(5836) 1993 MF

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(5836) 1993 MF
Discovery [1]
Discovered by E. F. Helin
K. J. Lawrence
Discovery site Palomar Obs.
Discovery date 22 June 1993
Designations
MPC designation (5836) 1993 MF
1993 MF
Amor · NEO[1][2]
Orbital characteristics[1]
Epoch 4 September 2017 (JD 2458000.5)
Uncertainty parameter 0
Observation arc 35.90 yr (13,112 days)
Aphelion 3.7489 AU
Perihelion 1.1311 AU
2.4400 AU
Eccentricity 0.5364
3.81 yr (1,392 days)
107.39°
0° 15m 30.96s / day
Inclination 7.9497°
238.78°
77.974°
Earth MOID 0.1842 AU · 71.8 LD
Physical characteristics
Dimensions 2.79 km (derived)[3]
3.8 km[4]
4.948±0.005 h[a]
4.9543±0.0002 h[b]
4.959 h[4]
4.96±0.01 h[5]
0.20 (assumed)[3]
SMASS = S[1] · S[3]
14.65±0.2 (R)[b] · 14.7[1] · 15.01±0.16[5] · 15.03±0.05[4] · 15.141±0.139[3][6] · 15.43±0.40[7]

(5836) 1993 MF is a highly eccentric, stony asteroid, classified as a near-Earth object of the Amor group of asteroids, approximately 3 kilometers in diameter. It was discovered on 22 June 1993, by American astronomers Eleanor Helin and Kenneth Lawrence at the U.S. Palomar Observatory in California.[2]

Classification and orbit[edit]

The stony S-type asteroid orbits the Sun at a distance of 1.1–3.7 AU once every 3 years and 10 months (1,392 days). Its orbit has an eccentricity of 0.54 and an inclination of 8° with respect to the ecliptic.[1] It has an Earth minimum orbital intersection distance of nearly 0.184 AU (27,500,000 km), which corresponds to 71.8 lunar distances. As it crosses the orbit of Mars, it may also be classified as a Mars-crosser, and, on 28 November 2023, it will pass 0.02535 AU (3,792,000 km) from the Red Planet.[1] The first precovery was taken at the Australian Siding Spring Observatory in 1981, extending the body's observation arc by 12 years prior to its discovery.[2]

Physical characteristics[edit]

Since the 1990s, and up to June 2016, four well-defined rotational lightcurves were obtained for this asteroid from photometric observations, giving a rotation period of approximately 4.95 hours with a high brightness variation between 0.53 and 0.82 in magnitude, indicating that the asteroid has a non-spheroidal shape. In the 1990s, Italian astronomer Stefano Mottola obtained a lightcurve at La Silla during the EUNEASO, a European near-Earth object search and follow-up observation program to determine additional physical parameters (U=3).[4]

Further lightcurves were obtained by Polish astronomer Wiesław Z. Wiśniewski at UA's LPL in October 1993, and by Czech astronomer Petr Pravec at Ondřejov Observatory in September 1997 (U=3/3).[5][b] In June 2016, the fourth and most recent photometric observation was made by American astronomer Brian Warner at his Palmer Divide Station, Colorado, which gave a period of 4.948±0.005 hours with an amplitude of 0.82 in magnitude (U=3).[a]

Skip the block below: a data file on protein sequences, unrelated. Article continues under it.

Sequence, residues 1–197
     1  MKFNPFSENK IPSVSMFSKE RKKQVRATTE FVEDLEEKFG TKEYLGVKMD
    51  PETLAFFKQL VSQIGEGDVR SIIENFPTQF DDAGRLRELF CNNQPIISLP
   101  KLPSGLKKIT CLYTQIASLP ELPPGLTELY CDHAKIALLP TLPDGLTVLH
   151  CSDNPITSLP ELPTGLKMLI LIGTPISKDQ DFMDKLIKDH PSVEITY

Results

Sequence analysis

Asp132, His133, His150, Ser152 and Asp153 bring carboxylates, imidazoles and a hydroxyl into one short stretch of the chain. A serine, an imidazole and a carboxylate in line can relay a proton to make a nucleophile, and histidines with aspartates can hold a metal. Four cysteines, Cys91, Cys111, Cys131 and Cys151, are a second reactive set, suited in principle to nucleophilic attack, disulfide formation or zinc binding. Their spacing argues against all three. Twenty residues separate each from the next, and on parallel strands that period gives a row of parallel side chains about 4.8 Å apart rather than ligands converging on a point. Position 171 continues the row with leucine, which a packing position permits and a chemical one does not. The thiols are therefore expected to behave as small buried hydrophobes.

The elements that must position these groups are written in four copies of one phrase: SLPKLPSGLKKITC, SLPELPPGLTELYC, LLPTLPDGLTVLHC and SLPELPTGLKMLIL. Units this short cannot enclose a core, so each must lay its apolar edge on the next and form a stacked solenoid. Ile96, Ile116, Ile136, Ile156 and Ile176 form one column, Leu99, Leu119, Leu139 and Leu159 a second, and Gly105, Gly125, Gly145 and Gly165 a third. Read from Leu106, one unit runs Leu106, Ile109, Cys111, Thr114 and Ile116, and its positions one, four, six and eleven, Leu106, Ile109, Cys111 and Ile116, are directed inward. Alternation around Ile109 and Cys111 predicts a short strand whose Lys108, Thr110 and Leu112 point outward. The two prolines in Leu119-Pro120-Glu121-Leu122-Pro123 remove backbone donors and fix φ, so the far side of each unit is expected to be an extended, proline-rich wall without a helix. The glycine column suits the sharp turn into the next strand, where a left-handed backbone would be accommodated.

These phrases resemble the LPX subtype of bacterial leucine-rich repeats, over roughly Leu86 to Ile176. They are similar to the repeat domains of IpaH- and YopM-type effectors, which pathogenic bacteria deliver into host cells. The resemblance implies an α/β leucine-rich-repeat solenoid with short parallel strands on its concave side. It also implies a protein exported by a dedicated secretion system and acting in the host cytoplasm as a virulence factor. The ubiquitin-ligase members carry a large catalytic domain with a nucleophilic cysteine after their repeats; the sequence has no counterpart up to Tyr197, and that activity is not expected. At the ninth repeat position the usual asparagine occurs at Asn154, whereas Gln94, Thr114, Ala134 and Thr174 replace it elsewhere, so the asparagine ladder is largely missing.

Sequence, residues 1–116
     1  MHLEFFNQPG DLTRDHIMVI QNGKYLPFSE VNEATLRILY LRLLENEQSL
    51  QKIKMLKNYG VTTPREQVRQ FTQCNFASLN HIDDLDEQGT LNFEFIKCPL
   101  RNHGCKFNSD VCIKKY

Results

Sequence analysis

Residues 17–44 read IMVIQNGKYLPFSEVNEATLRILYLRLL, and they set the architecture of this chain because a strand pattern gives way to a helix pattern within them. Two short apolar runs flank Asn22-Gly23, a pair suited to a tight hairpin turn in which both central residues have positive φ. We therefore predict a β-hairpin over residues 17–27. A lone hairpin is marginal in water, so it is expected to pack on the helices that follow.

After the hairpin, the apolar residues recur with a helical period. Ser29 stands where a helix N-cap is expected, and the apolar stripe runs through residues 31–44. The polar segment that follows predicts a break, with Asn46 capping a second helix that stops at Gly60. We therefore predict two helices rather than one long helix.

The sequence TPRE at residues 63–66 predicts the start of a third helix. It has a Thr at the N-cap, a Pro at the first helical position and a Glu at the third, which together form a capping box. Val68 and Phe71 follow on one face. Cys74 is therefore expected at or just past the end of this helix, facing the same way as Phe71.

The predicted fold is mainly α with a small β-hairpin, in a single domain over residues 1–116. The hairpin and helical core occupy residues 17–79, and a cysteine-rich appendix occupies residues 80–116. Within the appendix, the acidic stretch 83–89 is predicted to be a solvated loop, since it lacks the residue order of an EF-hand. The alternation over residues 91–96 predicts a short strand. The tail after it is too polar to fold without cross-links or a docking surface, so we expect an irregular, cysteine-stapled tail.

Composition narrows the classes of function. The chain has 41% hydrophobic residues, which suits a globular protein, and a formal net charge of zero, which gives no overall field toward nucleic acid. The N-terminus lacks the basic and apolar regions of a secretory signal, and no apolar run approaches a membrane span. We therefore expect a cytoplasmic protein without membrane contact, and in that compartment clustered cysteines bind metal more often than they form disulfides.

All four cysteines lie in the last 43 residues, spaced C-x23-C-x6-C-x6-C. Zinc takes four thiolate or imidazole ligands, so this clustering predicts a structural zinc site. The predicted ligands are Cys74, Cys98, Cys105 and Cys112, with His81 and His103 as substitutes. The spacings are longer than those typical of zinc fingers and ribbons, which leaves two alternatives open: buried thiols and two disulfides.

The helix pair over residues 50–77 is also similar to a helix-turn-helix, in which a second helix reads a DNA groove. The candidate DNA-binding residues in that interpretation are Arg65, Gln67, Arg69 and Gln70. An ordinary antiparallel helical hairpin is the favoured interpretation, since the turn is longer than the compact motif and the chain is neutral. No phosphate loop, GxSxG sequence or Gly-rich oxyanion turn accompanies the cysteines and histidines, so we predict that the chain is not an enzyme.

Diameter[edit]

While in the 1990s, Stefano Mottola estimated the asteroid to measure 3.8 kilometers in diameter (H = 15.03),[4] the Collaborative Asteroid Lightcurve Link assumes a standard albedo for stony asteroids of 0.20 and derives a shorter diameter of 2.8 kilometers, based on an absolute magnitude of 15.14.[3]

Notes[edit]

  1. ^ a b Warner (2016) web: observation date: 2016-06-07. Rotation period of 4.948±0.005 hours with a brightness amplitude of 0.82 mag (U=3). Summary figures at Collaborative Asteroid Lightcurve Link (CALL) for (5836)
  2. ^ a b c Pravec (1997) web: observation date: 1997-11-04. Rotation period of 4.948±0.005 hours with a brightness amplitude of 0.74 mag and an absolute magnitude of 14.65 in the R-band (U=3). Summary figures at Collaborative Asteroid Lightcurve Link (CALL) for (5836) and Pravec, P.; Wolf, M.; Sarounova, L. (1997)

References[edit]

  1. ^ a b c d e f g "JPL Small-Body Database Browser: 5836 (1993 MF)" (2017-03-20 last obs.). Jet Propulsion Laboratory. Retrieved 26 May 2017. 
  2. ^ a b c "5836 (1993 MF)". Minor Planet Center. Retrieved 30 August 2016. 
  3. ^ a b c d e "LCDB Data for (5836)". Asteroid Lightcurve Database (LCDB). Retrieved 30 August 2016. 
  4. ^ a b c d e Mottola, S.; de Angelis, G.; di Martino, M.; Erikson, A.; Harris, A. W.; Hahn, G.; et al. (March 1995). "The EUNEASO Photometric Follow-up Program". Abstracts of the Lunar and Planetary Science Conference. Bibcode:1995LPI....26.1003M. Retrieved 30 August 2016. 
  5. ^ a b c Wisniewski, W. Z.; Michalowski, T. M.; Harris, A. W.; McMillan, R. S. (March 1995). "Photoelectric Observations of 125 Asteroids". Abstracts of the Lunar and Planetary Science Conference. Bibcode:1995LPI....26.1511W. Retrieved 30 August 2016. 
  6. ^ Pravec, Petr; Harris, Alan W.; Kusnirák, Peter; Galád, Adrián; Hornoch, Kamil (September 2012). "Absolute magnitudes of asteroids and a revision of asteroid albedo estimates from WISE thermal observations". Icarus. 221 (1): 365–387. Bibcode:2012Icar..221..365P. doi:10.1016/j.icarus.2012.07.026. Retrieved 30 August 2016. 
  7. ^ Veres, Peter; Jedicke, Robert; Fitzsimmons, Alan; Denneau, Larry; Granvik, Mikael; Bolin, Bryce; et al. (November 2015). "Absolute magnitudes and slope parameters for 250,000 asteroids observed by Pan-STARRS PS1 - Preliminary results". Icarus. 261: 34–47. arXiv:1506.00762Freely accessible. Bibcode:2015Icar..261...34V. doi:10.1016/j.icarus.2015.08.007. Retrieved 30 August 2016. 

External links[edit]